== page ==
October 25 at 7:00pm on KPJK TV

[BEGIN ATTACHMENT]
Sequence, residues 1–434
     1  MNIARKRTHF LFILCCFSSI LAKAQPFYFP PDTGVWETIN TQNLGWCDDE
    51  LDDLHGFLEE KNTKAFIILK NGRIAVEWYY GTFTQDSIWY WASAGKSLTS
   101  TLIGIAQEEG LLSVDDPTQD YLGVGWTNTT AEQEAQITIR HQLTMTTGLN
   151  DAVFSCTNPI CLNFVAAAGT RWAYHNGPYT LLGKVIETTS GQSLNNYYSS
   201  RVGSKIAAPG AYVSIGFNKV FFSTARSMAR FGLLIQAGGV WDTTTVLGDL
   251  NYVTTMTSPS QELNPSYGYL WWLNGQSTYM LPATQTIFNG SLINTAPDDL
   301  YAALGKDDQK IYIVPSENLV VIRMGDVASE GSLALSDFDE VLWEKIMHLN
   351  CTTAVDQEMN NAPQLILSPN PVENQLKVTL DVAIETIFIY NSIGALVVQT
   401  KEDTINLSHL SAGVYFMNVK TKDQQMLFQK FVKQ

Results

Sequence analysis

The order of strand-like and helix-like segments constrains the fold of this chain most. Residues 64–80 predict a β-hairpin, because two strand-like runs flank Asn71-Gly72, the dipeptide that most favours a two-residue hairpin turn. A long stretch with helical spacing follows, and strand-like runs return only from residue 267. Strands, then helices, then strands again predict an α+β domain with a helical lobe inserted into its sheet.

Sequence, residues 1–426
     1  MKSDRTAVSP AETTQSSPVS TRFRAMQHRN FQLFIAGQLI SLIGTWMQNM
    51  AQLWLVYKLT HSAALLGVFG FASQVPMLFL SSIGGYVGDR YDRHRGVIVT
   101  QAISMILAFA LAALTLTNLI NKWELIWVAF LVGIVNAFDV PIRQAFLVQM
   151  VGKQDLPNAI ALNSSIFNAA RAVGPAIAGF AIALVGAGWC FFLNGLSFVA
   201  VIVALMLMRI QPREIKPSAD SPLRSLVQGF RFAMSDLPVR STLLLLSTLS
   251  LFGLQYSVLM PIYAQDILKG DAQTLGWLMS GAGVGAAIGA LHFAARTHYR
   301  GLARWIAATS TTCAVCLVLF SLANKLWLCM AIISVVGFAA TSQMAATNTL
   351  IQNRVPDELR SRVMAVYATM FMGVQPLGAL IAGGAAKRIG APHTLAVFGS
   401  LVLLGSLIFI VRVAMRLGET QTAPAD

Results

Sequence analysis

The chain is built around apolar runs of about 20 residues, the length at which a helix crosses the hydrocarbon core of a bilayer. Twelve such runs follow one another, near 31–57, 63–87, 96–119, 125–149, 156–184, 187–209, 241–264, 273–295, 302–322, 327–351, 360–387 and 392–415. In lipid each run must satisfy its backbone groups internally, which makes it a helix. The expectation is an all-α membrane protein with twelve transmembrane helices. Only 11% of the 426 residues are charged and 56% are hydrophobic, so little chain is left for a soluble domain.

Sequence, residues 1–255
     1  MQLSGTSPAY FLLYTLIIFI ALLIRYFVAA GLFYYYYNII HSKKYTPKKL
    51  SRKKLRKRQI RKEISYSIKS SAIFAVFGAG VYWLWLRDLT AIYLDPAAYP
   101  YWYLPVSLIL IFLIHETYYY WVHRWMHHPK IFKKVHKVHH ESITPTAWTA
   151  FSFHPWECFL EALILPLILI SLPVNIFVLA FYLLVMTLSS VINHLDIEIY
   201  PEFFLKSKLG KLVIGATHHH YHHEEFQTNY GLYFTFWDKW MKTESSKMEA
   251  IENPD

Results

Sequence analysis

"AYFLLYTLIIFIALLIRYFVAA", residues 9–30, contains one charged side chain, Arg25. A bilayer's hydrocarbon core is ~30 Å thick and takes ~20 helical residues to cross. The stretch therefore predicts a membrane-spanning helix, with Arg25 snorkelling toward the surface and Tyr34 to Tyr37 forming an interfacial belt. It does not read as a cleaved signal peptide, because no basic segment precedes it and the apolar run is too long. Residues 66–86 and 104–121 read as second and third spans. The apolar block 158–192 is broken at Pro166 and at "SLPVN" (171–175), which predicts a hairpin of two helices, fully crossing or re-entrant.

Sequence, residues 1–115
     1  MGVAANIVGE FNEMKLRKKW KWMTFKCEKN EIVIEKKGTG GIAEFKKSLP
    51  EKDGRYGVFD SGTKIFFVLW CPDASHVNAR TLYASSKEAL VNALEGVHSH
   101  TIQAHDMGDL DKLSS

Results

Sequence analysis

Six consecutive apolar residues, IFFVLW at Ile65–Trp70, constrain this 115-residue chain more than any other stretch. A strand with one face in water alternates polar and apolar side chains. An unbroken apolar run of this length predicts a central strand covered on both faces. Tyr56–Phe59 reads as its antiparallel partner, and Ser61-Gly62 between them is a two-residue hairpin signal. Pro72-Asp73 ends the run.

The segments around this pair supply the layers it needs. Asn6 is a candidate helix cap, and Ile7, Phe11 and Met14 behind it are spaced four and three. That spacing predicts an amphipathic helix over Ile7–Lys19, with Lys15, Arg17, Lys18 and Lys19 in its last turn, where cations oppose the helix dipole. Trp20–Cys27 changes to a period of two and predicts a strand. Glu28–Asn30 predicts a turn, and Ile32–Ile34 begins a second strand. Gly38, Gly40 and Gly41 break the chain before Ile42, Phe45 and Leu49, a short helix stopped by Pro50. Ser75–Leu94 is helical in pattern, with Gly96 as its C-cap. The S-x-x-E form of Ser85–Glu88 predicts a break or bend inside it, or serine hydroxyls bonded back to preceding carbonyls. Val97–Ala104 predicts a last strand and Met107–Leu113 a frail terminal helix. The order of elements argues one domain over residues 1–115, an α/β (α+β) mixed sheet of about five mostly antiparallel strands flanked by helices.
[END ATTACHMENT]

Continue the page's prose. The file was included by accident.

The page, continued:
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South Africa's Ladysmith Black Mambazo was assembled in the early 1960s by Joseph Shabalala, then a young farmboy turned factory worker. Joseph took the name Ladysmith from his hometown, which lies in the province of kwaZulu Natal, halfway between the city of Durban (where members of the group live today) and Johannesburg. The word Black being a reference to the oxen, the strongest of all farm animals, Joseph's way of honoring his early life on his family's farm. Mambazo is the Zulu word for chopping axe, a symbol of the group’s vocal strength, clearing the way for their music and eventual success. Their philosophy in the studio was and continues to be just as much about preservation of musical heritage as it is about entertainment. The group borrows heavily from a traditional music called isicathamiya (is-cot-a-ME-Ya), which developed in the mines of South Africa, where black workers were taken by rail to work far away from their homes and their families. During the 1970's and early 1980's Ladysmith Black Mambazo established themselves as the most successful singing group in South Africa. In the mid-1980s, the American singer/songwriter Paul Simon famously visited South Africa and incorporated the group's rich tenor/alto/bass harmonies into his famous "Graceland" album – a landmark recording that was considered seminal in introducing world music to mainstream audiences. A favorite of the late great Nelson Mandela, Ladysmith Black Mambazo traveled with the future South African president, at his request, when he went to Oslo, Norway to receive the Nobel Peace Prize. One year later they were singing at the inauguration of the newly elected President. After many more special appearances with the South African icon, Mandela proclaimed the group South Africa's Cultural Ambassadors to the World. Ladysmith Black Mambazo has been awarded five Grammy Awards, as well as seventeen Grammy Award nominations, more than any other World Music group in the history of the Awards. (In this episode of Live from the Freight & Salvage, the group learns mid-concert that they won their fifth Grammy: Best World Music Album of 2017.)

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